Comparing Native vs Cross-Platform vs Hybrid vs PWA Mobile Applications

5 min. read

There are many options to consider before building your next mobile application. In this article, we break down the differences between Native, Cross-Platform, Hybrid and PWA mobile applications and which ones we prefer based on the use case.  

Native Mobile Apps

Native mobile applications are built using code that is native to the device in which you are building it for. This means if you are building an iOS application, then you would use either Objective-C or most likely Swift programming languages. In the case of Android, this would mean you are using Java or a variant of such as Kotlin.

When choosing to go full on native you have optimal power of the device at your control. So if you are building games or applications that rely heavily on 3D rendering, you'll get the up most performance by going native.

On of the biggest complaints to building a fully native application is that you have to build two separate applications. First, an app for iOS and a different application for Android. This not only drives up the cost of building your application but makes the maintenance of keeping two separately applications update to date costly. So really scoping out what type of application you are building is super important.

Native App Pros

  • Performance. A must for building games or 3D heavy applications.
  • Full access to the underlying device hardware based on the Native SDK's.
  • Customization. Customize the UI for each platform.

Native App Cons

  • No Code reuse.
  • Slower development time. Creating separate apps takes time.
  • Costly. Multiple apps must be built and maintained.
  • Can only be used as a mobile application.

Cross-Platform Mobile Apps

Cross-platform mobile applications are built using very similar technology as hybrid mobile applications. Much like hybrid apps, they use a bridge that takes the language in which the application is written and allows it to run on any device without having to rewrite separate applications (for the most part).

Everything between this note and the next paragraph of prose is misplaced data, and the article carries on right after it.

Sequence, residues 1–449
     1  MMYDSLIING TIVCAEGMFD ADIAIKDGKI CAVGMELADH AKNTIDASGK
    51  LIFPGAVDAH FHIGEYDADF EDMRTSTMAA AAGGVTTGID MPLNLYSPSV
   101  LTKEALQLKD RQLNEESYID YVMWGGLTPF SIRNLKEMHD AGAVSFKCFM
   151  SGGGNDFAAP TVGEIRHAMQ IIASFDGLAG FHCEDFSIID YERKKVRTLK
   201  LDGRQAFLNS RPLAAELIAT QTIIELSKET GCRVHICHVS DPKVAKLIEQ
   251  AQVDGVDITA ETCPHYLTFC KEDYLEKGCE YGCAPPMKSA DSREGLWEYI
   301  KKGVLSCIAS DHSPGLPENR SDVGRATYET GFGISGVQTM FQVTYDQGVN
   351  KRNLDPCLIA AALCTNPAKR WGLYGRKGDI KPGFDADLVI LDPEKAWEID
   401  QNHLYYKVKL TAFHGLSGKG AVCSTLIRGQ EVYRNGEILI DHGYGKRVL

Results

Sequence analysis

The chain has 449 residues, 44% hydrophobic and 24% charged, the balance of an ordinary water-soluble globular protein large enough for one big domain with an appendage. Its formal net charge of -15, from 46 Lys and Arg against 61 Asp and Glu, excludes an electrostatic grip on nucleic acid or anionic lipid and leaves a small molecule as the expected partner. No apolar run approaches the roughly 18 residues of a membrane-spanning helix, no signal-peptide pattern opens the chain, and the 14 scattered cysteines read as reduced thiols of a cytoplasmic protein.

The primary reason people choose to write cross-platform mobile applications - is that they can use the language they are most familiar with.

If you're a C# guru, you could choose Xamarin. If you're a JavaScript junkie you have a few choices. You could choose React Native, NativeScript or something like Appcelerator Titanium. And if you're keen on Dart, then go with Google's latest project, Flutter.  

No matter which language you choose, they all use the same technique behind the scenes. So if you write your code in JavaScript/TypeScript, then at runtime the code calls into the native SDK to render the UI elements.

While code sharing between platforms can be high (via shared libraries). If you need to modify functionality that isn't supported by the cross-platform SDK, then you'd have to find plugins to accomplish this or you would need to dip your toes into the native code. Depending on your teams skill set this could be a non-starter.  

Cross-Platform Pros

  • Code reuse. Business logic can be reused across platforms.
  • Speed of development. Definitely faster than building two separate native apps.
  • Skillset reuse. Developers use the same language they already know.

Cross-Platform Cons

  • Not as flexible when it comes to modifying the UI elements, without getting your hands dirty.
  • Reusability of UI elements across platforms.
  • Performance can be an issue, depending on your application design and use case.
  • Can only be used as a mobile application (exception is maybe Flutter).

Hybrid Mobile Applications

In many ways, hybrid mobile applications are similar to cross-platform mobile applications. Both use a bridge to take code written in one language and allow it to run on any device.  You can write your code in a single language (JavaScript/TypeScript) and depending on the device it is running on, the UI can be rendered to look as it should.

Unlike the bridge that React Native uses, Capacitor, Cordova, and PhoneGap, all use a WebView to run your application. Essentially, you can use all the native features available in the web browser that is running on the device itself.

Running in a WebView has a ton of positives. We find it much easier to reuse talent you already have on your team. Being a single codebase that works anywhere means you can reuse your mobile application code on the web or as a desktop application using Electron.